That said, we try to speak it whenever we're out on the town. We do just fine with our restaurant and department store vocabulary. Sometimes we get the Rolled Eye Treatment from German shopkeepers who'd rather conduct business in English anyway, like last weekend when I started giving someone my address in German and she looked at me like I was speaking Chinese. I sighed and repeated the exact same thing in English, at which point she finally wrote it down. The Germans in our area don't want us to speak German, so it's an uphill battle with the girl in the train station who begged, "Can you please just speak English so this will go faster?" when I tried to purchase a train ticket in German.
We're perfectly capable of learning German. I learned French and Swedish just fine, and my husband taught himself basic Arabic, for pete's sake. But the motivation just isn't there, because the reward for speaking German on the economy is rolled eyes and groans. So why bother?
(This is not to excuse those people who rave on and on about how much they loooove living in Europe but don't even bother to learn how to order food from a menu. I hate when we run into those types when we're out on the town. If you want to homestead here permanently and be a Squatter after you retire, then learn freaking German, you boors.)
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It's like that in Korea, too. There are fewer English speakers the farther you get from post, but if you're not the adventurous type, you can get by with just English. I did two tours, a rough total of 2 years, in Korea and I learned a miniscule amount of han-gul. I didn't try hard to learn Korean, but I also didn't try hard not to learn Korean. There just wasn't a compelling reason to learn the language. A soldier can easily spend his year in a highly Americanized environment - think of a Chinese immigrant who lives his entire life in a Chinatown, except all his public services and employment are provided in Chinese, too. And heck, when this immigrant travels away from Chinatown, he even takes an independently functional mini-Chinatown with him.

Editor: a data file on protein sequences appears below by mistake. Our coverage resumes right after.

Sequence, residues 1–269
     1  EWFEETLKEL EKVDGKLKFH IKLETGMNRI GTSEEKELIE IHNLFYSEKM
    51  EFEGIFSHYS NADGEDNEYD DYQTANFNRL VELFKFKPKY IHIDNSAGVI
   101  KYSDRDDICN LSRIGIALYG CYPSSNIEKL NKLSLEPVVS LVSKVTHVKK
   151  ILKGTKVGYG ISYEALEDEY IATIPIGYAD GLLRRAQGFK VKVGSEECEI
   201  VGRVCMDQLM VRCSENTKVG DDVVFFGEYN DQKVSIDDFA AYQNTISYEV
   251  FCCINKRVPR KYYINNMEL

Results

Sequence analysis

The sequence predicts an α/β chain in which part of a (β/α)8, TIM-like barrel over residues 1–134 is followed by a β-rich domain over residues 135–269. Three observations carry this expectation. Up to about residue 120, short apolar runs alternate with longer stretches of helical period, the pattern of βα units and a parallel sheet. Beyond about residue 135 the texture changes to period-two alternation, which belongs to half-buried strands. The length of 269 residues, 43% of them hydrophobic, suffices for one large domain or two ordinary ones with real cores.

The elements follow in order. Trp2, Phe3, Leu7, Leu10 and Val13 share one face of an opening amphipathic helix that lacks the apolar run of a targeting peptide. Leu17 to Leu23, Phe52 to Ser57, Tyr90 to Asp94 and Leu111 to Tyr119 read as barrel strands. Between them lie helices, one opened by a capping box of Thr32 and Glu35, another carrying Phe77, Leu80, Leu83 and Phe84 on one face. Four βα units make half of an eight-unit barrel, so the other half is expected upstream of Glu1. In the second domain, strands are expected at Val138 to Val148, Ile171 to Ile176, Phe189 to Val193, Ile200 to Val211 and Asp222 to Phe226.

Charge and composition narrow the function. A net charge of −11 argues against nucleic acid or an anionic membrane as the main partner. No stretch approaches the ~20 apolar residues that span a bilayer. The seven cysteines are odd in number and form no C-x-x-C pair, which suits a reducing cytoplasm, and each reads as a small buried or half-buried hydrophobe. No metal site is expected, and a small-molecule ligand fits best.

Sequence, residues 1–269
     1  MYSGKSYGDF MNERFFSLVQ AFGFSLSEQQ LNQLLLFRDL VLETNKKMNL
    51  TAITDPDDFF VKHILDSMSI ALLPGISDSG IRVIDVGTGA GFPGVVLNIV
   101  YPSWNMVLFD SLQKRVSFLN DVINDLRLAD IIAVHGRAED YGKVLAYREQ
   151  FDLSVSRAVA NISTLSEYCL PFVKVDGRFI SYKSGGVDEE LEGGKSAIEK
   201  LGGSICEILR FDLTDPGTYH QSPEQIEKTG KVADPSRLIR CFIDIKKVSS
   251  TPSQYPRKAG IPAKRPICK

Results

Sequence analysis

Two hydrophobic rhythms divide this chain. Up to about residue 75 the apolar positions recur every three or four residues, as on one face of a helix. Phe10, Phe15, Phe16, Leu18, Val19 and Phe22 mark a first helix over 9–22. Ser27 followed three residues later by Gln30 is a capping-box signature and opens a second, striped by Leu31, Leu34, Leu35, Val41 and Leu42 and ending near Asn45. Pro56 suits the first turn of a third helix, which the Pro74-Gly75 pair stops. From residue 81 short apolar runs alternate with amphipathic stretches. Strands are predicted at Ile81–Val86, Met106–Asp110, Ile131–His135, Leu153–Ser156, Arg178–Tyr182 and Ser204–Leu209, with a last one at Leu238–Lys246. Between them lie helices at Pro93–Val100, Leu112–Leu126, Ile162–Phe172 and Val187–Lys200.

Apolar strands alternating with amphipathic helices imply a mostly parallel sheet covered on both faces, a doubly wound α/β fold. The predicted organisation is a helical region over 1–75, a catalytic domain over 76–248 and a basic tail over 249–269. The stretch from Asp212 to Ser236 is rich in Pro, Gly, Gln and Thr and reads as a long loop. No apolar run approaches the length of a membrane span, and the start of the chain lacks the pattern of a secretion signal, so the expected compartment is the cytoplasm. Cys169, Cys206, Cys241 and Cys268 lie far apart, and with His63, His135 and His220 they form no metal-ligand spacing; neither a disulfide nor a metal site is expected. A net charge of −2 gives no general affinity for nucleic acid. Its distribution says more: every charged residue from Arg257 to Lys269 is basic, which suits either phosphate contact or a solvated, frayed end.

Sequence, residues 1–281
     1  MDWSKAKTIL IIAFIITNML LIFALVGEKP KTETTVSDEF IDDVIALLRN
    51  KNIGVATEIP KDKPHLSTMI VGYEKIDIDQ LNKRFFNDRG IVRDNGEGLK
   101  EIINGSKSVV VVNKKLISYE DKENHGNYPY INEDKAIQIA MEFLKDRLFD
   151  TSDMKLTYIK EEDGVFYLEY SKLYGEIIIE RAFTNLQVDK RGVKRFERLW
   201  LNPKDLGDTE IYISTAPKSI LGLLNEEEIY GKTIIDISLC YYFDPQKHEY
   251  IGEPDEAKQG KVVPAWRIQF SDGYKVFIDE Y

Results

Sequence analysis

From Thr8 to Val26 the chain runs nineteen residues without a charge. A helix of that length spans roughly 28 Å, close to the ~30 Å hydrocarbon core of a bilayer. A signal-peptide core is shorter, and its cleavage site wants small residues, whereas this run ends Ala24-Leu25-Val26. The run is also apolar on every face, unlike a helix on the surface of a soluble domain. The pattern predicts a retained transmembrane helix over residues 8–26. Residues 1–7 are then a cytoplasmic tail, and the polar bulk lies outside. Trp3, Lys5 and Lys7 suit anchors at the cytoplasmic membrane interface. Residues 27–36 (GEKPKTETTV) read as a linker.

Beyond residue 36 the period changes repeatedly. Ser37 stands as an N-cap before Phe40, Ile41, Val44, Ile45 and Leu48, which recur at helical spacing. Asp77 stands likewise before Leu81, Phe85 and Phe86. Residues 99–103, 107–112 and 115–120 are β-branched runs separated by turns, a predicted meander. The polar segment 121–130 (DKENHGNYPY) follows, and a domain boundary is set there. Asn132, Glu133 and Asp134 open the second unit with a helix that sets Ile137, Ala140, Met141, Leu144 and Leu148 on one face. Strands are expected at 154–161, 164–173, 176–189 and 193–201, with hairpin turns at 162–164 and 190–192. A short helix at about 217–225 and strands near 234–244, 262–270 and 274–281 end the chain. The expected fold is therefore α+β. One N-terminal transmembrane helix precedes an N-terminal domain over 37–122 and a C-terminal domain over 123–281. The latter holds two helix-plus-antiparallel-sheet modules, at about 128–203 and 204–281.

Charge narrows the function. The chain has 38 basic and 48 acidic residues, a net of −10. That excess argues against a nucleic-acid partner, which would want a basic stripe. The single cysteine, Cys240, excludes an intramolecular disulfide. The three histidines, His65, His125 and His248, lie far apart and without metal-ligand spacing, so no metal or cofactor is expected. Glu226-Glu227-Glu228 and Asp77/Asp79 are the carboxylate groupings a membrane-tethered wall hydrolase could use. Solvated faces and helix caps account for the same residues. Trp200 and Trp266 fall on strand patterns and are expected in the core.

Tactically speaking, I thought the GIs in Korea should have been strongly encouraged and facilitated by Command to pick up a basic level of Korean and local familiarization. Even in peace-time and 50-plus years of USFK, it's not always easy to operate outside the gates. A troop can get lost and isolated in a hurry, and that's a scary feeling. If we went to war with nK, I could see American ops breaking down quickly at the tactical level with troops not knowing the language, area and people and trying to operate in a chaotic foreign environment.
Posted by: Eric Chen at October 24, 2005 07:04 PM (3Nllw)
I hate it when they start speaking in English on you. I just ignore them and keep speaking German. I took the time to start to learn the language so I am going to use it damn it! I am not perfect at it but at least I try. I work with Germans so I am exposed more to the language and if you want to know if you are being talked about you have to learn some. ;-)
It actually worked well when I was in Czech with a friend and her mom. It was the only mutual language the hotel staff and I knew.
Posted by: Household6 at October 26, 2005 05:33 AM (T+Tkq)
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October 18, 2005
OK, here's what I don't get. The top google hits for a search on Mugabe include the phrases "Zimbabwe strongman", "descent into dictatorship", "people dying in Zimbabwe", and "Mugabe's terror campaign". He's banned from entering the EU, except for when he's invited by the UN, like he was Monday for the 60th anniversary of the UN's Food and Agriculture Organization. So Mugabe, dictator of a country where "an estimated 3.8 million people" are starving, has this to say